An unexpected setback
The last thing you want to hear almost a year after ACL surgery and a little more than a year before the Olympics is, “I’m not even sure you have an ACL.”
That’s what my doctor told me on Dec. 18. I was just beginning to get back into boardercross but had started feeling pain again. On that day in mid-December, I got an MRI that found my repaired ACL had stretched to the point it wasn’t functioning properly. Enter surgery No. 2. The doctor was able to get me in the very next day, so my holiday plans did a 180 pretty quickly. I decided to be out in Vail, Colo., and have the surgery before staying in Park City, Utah, to heal rather than going home to Stratton, Vt., for Christmas.
It was a total fluke, but it’s really good we caught it when we did. Otherwise, I could have gotten hurt just as I returned to my sport, or, even worse, fallen at a random time later on -- even closer to the Olympics than we are now. Apparently, I’m among a special 3 percent of people who experience this following ACL surgery. Doctors don’t understand why it happens, but the skin graft they took from my hamstring slowly stretched the entire year I was rehabbing. So for the second surgery, an allograft from a cadaver was used.
Thankfully, the second surgery wasn’t nearly as intense as the first. I wasn’t even on crutches for a week this time, whereas I was on crutches for 10 weeks following my first surgery. And I didn’t lose nearly as much muscle mass this time around.
Still, it was tough when I found out I was going to have surgery again because I hadn’t done anything wrong. I didn’t cause my ACL to fail. It’s hard to wrap my head around the fact that I did everything right, and it still didn’t work out. But I’m moving forward. I’m hoping to get back on the snow in June. For now, I’ll be here in Park City logging hours of therapy every day because that’s all I can really do.
For now, my “teammates” are the other injured people here at the training center. Sports teams come through in waves, but for the most part, it’s pretty dead other than those of us who are here doing our therapy. We’re there for each other emotionally because we all have our down days. Some days you are the voice of reason, and other days you’re the one who needs someone to talk to. It’s a supportive group.
I spend five hours at the gym every day -- at least two hours working on my leg and then the rest on my upper body, core and on my right leg (the good one). I’m swimming a lot, although I’m not allowed to kick. That’s the only cardio I can do that gets my heart rate up. I also ride the spin bike, but I have to keep the resistance so low it’s not much of a workout. Luckily, I love exercising so the endorphins are a good pick-me-up if I feel down.
Obviously, I’d rather be snowboarding, but there are some upsides. I got to check out the Sundance Film Festival for the first time this year. Usually, I’m on the road when it’s in town, and even if I were here I wouldn’t have the energy to go out to a party or meet up with friends for drinks, so it was fun to experience that different side of things. Park City was filled with celebrities -- my best sightings were Ashton Kutcher and Daniel Radcliffe. It really is like bringing a little bit of Hollywood into the middle of Utah!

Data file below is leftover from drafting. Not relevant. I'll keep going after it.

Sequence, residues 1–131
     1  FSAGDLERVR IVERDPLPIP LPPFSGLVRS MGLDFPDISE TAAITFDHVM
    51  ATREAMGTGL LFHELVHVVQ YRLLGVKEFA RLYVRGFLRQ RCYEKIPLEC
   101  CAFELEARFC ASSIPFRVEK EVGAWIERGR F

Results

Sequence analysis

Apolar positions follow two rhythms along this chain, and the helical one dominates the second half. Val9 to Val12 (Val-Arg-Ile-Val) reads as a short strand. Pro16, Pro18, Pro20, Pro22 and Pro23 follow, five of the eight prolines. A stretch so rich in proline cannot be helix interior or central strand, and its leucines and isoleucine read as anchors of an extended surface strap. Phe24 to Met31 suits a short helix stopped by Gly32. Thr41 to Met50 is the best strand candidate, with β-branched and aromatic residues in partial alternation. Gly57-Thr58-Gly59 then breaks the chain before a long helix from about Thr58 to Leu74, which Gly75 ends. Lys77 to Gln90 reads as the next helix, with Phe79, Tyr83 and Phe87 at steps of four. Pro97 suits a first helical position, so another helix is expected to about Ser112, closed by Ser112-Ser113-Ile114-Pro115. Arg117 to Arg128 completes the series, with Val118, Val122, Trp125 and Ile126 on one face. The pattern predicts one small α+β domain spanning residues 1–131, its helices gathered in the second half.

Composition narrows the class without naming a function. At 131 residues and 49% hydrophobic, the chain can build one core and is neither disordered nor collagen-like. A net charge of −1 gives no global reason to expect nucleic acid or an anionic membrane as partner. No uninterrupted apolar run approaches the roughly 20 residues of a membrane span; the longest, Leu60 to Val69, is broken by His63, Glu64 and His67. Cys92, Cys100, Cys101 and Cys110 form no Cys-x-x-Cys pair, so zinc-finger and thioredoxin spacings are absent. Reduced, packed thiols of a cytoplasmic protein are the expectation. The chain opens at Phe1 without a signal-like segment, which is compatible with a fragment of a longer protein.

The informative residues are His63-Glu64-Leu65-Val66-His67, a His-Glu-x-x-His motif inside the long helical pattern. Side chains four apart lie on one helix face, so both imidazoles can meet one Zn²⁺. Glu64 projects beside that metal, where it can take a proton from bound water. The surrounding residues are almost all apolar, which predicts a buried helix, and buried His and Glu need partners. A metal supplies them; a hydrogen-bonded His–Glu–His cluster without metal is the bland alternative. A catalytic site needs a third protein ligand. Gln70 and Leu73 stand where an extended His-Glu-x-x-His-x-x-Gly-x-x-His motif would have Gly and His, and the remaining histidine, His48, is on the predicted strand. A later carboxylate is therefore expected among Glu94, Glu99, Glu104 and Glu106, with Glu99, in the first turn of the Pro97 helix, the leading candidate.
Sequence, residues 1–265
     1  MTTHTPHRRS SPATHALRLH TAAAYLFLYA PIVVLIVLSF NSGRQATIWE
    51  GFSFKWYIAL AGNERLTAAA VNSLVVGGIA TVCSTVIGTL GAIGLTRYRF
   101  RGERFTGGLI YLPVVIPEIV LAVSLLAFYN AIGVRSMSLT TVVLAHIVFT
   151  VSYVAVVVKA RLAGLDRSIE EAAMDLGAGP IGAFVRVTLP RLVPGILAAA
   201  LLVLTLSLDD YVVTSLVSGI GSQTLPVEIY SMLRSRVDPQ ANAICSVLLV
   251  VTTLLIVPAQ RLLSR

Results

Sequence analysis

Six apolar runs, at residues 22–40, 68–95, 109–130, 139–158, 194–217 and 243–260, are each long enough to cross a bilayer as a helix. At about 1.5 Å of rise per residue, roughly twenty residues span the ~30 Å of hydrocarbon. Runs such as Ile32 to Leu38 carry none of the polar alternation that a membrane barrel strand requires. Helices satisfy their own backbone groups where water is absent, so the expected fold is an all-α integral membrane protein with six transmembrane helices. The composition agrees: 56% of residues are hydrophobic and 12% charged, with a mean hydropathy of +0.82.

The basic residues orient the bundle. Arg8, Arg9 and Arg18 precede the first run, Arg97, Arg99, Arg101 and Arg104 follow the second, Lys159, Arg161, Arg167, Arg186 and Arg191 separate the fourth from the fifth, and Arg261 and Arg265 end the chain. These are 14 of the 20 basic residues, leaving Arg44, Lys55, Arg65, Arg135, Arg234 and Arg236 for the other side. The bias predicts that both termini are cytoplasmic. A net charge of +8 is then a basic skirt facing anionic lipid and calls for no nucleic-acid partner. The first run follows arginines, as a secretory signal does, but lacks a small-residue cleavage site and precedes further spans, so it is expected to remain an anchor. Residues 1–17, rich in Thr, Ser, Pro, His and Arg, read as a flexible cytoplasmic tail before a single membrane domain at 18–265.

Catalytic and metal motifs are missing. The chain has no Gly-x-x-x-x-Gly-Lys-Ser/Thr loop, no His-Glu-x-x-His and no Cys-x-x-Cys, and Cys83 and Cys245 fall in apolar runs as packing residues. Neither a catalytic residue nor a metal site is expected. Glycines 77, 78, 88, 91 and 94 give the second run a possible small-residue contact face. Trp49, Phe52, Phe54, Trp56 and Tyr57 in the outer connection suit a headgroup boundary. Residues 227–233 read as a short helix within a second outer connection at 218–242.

What’s weird is I hardly even knew the X Games were happening last month. It was the first time in 12 years I wasn’t there, and my sport wasn’t even in it since it was dropped this year. So there I was at Sundance, and I almost forgot the X Games were happening. I did see snowmobiling and caught a little bit of the men’s halfpipe snowboarding, but it just wasn’t the same.
Another big pick-me-up has been my dog, a Yorkshire terrier mix named Gidgit. She was living in Vermont, but I brought her back here after a late post-New Year's/Christmas celebration in Stratton. It’s been really snowy here, and in Old Town where I live, the roads are a little sketchy, so when I didn’t want to risk taking her for a walk on icy streets I brought her into the training center and put her on the treadmill. She was pretty confused, but I got her going with a little cheese for bait ,and once she figured it out she was really good. She got a solid workout and was tired for the rest of the day so my goals were met.
Being off the snow for a year now is definitely teaching me patience, but only time will tell how it changes me. I’m definitely more motivated than ever, and I really miss snowboarding. I didn’t think I missed it that much until I started riding again and started to progress and get back into the rhythm before it was taken away -- again. I can't wait to get back on the competition circuit and travel, hopefully in New Zealand next September. But I don't want to spend much time looking down the road to competing -- or to the Olympics -- because it’s too overwhelming. I just need to live in the present moment and focus on what I have control over. For today, it's rehab and making sure Gidgit gets a good walk!